Recently, a professor for IT at the school I attend approached me with a broken program of his. The bug was connected to the keyword ‘static’.
Static is a ‘two headed’ hydra. It can be used in two ways which are not interlinked at all:
Global variable/Function static
In C, every variable that is not in a function is globally accessible from every other file. The same thing is valid for functions.
static int foo()
The function given above is ONLY visible in the file that contains it physically. Unlike a regular function, one cannot access it from other files.
//file begins here
static int foo;
//functions begin here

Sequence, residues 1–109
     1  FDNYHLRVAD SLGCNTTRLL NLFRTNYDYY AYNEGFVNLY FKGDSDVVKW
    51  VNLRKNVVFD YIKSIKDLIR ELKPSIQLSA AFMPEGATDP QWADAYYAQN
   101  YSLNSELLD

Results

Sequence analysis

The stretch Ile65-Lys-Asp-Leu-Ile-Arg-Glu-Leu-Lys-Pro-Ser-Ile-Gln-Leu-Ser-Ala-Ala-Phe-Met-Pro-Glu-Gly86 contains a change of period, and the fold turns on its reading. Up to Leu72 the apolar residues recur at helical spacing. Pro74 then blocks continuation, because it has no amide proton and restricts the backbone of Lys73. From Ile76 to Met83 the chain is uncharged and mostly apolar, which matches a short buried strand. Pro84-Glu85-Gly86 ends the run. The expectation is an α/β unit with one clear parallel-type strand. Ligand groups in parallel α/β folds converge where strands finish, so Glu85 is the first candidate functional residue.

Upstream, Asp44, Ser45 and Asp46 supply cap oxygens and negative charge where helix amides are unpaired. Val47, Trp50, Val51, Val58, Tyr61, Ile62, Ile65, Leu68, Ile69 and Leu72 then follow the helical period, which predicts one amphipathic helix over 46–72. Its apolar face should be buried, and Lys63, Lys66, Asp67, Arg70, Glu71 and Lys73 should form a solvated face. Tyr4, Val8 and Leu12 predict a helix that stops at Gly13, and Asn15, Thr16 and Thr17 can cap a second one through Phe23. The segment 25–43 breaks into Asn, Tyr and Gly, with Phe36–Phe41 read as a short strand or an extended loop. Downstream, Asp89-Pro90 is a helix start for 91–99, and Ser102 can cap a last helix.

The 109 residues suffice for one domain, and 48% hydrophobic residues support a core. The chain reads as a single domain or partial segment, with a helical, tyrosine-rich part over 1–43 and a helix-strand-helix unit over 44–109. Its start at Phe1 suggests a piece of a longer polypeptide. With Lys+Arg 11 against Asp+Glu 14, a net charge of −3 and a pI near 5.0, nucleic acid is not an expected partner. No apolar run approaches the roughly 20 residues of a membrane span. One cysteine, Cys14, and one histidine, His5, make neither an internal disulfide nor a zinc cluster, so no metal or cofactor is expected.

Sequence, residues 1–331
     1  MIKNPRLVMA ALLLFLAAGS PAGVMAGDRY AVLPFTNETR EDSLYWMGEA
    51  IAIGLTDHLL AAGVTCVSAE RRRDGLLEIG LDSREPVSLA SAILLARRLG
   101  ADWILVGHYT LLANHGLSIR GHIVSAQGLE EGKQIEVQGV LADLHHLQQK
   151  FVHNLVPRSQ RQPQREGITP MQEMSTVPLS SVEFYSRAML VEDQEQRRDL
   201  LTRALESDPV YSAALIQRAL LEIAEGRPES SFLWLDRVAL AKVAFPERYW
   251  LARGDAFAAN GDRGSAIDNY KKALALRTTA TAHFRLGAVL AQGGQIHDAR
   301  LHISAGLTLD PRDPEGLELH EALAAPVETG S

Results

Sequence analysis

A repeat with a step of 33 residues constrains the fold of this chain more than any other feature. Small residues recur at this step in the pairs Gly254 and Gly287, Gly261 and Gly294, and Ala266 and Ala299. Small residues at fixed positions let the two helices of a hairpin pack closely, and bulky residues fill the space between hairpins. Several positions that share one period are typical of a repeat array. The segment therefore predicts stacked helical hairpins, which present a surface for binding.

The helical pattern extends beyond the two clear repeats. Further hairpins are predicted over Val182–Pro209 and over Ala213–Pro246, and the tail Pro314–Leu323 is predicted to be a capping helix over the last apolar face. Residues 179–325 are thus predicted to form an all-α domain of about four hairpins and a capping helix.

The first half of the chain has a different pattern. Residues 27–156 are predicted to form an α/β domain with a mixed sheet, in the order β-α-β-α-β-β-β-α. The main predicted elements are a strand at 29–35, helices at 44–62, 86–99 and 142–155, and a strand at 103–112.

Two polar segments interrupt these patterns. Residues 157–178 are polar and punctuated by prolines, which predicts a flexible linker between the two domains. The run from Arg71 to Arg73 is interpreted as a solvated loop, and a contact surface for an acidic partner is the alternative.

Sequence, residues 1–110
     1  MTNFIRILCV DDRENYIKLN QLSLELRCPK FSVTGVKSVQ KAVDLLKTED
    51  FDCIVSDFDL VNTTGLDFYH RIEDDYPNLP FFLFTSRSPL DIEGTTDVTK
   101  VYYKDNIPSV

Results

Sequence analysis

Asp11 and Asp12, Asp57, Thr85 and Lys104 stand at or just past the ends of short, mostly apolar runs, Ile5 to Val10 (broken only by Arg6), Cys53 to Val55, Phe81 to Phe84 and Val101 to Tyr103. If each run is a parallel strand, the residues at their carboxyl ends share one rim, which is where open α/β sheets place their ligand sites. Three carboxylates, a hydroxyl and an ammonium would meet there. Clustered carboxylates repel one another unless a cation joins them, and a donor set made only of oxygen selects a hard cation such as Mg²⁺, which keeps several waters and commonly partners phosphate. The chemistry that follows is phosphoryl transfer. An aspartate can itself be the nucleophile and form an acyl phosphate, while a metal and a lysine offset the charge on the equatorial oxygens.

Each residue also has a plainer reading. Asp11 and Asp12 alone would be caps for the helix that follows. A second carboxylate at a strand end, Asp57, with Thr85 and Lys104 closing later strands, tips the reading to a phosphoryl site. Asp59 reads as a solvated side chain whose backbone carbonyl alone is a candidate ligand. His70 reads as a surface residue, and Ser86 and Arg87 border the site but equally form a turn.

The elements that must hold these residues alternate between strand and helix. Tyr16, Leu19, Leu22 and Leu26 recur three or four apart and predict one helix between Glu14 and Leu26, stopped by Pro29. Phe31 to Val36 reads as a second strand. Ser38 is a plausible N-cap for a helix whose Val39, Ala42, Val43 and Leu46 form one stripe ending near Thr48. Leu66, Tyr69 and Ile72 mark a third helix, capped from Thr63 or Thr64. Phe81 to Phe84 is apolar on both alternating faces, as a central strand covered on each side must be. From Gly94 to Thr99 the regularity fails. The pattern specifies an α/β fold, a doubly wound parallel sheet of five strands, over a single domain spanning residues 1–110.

The code segment above defines a file global variable. This means that is can be acessed from every function, but only from those that are in the same file.
Function variable static
Using static as a memory class for a local variable in a function behaves entirely different:
static int bar;
In this code, the value of the variable survives multiple invocations of the function foo. So, bar will increase by one each time the function foo is called. C’s regular variable clearing is disabled for each local variable defined static…
In case you still have questions, we have a nice C tutorial here.